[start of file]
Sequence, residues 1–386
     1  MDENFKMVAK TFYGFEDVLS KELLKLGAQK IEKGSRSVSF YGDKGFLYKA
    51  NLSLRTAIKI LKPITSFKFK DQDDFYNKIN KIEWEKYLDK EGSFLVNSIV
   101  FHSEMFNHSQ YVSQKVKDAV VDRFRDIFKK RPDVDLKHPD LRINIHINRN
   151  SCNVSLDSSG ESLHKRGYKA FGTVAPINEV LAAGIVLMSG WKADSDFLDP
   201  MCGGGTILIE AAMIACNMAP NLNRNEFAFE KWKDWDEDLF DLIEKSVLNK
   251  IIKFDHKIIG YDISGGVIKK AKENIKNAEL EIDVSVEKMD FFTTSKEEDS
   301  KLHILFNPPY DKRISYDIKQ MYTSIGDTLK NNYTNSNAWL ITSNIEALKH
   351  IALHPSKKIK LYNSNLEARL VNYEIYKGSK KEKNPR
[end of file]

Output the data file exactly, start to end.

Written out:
Sequence, residues 1–386
     1  MDENFKMVAK TFYGFEDVLS KELLKLGAQK IEKGSRSVSF YGDKGFLYKA
    51  NLSLRTAIKI LKPITSFKFK DQDDFYNKIN KIEWEKYLDK EGSFLVNSIV
   101  FHSEMFNHSQ YVSQKVKDAV VDRFRDIFKK RPDVDLKHPD LRINIHINRN
   151  SCNVSLDSSG ESLHKRGYKA FGTVAPINEV LAAGIVLMSG WKADSDFLDP
   201  MCGGGTILIE AAMIACNMAP NLNRNEFAFE KWKDWDEDLF DLIEKSVLNK
   251  IIKFDHKIIG YDISGGVIKK AKENIKNAEL EIDVSVEKMD FFTTSKEEDS
   301  KLHILFNPPY DKRISYDIKQ MYTSIGDTLK NNYTNSNAWL ITSNIEALKH
   351  IALHPSKKIK LYNSNLEARL VNYEIYKGSK KEKNPR